Attacks on Justice 2005: China

Although the independence of the judiciary is constitutionally enshrined in China, the government and the Chinese Communist Party continue to interfere in the judicial process, directing judgments in many instances.

A series of reforms to improve judicial professionalism, independence and effectiveness have taken place since January 2002.

The June 2001 reform of the Judges’ Law of the People’s Republic of China (1995) seeking to guarantee the independent exercise of judicial authority became effective in January 2002.

To raise professional standards, all judicial actors are now required to obtain a Certificate of Legal Profession Qualification by taking a unified annual State Judicial Exam, first held in March 2002, with only seven per cent of candidates passing.

In December 2004, China introduced significant reforms to the eligibility and training process of peoples’ jurors: as of May 2005, jurors are expected to have power equal to those of a judge. New disciplinary measures issued by the Supreme People’s Court in September 2002 and June 2003 seek to ensure judicial transparency and effectiveness, and to guarantee a fair and strict application of the Judges’ Law. New disciplinary punishment rules for prosecutors were also put in place in August 2004 by the Supreme People’s Procuratorate.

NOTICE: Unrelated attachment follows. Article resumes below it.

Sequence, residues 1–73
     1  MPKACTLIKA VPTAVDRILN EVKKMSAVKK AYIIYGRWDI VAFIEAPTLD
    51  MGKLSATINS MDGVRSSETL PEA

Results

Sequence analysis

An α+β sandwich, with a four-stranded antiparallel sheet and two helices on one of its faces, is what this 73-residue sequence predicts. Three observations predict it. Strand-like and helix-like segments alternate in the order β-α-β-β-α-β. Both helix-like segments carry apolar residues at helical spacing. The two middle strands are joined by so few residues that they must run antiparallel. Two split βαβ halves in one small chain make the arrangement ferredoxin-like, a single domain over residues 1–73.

Cases of judicial corruption are still of concern. Under Article 306 of the Criminal Law, defence lawyers can be held accountable if their clients commit perjury, the definition of which leaves a wide margin of discretion to judges and prosecutors. Lawyers continue to face harassment, intimidation and abuse by police and prosecutors, threats of disbarment and imprisonment for defending their clients’ rights too actively.

Lack of fair trial, due process, and equality of arms are of concern and administrative detention without judicial process is still common. In July 2003, the Chinese Executive State Council issued a set of national Legal Aid Regulations to guarantee free legal assistance to the poor, but demand for legal aid remains far higher than supply.

People’s Republic of China-Attacks on Justice 2005-Publications-2008 (full text, PDF)

Attacks on Justice 2005Publications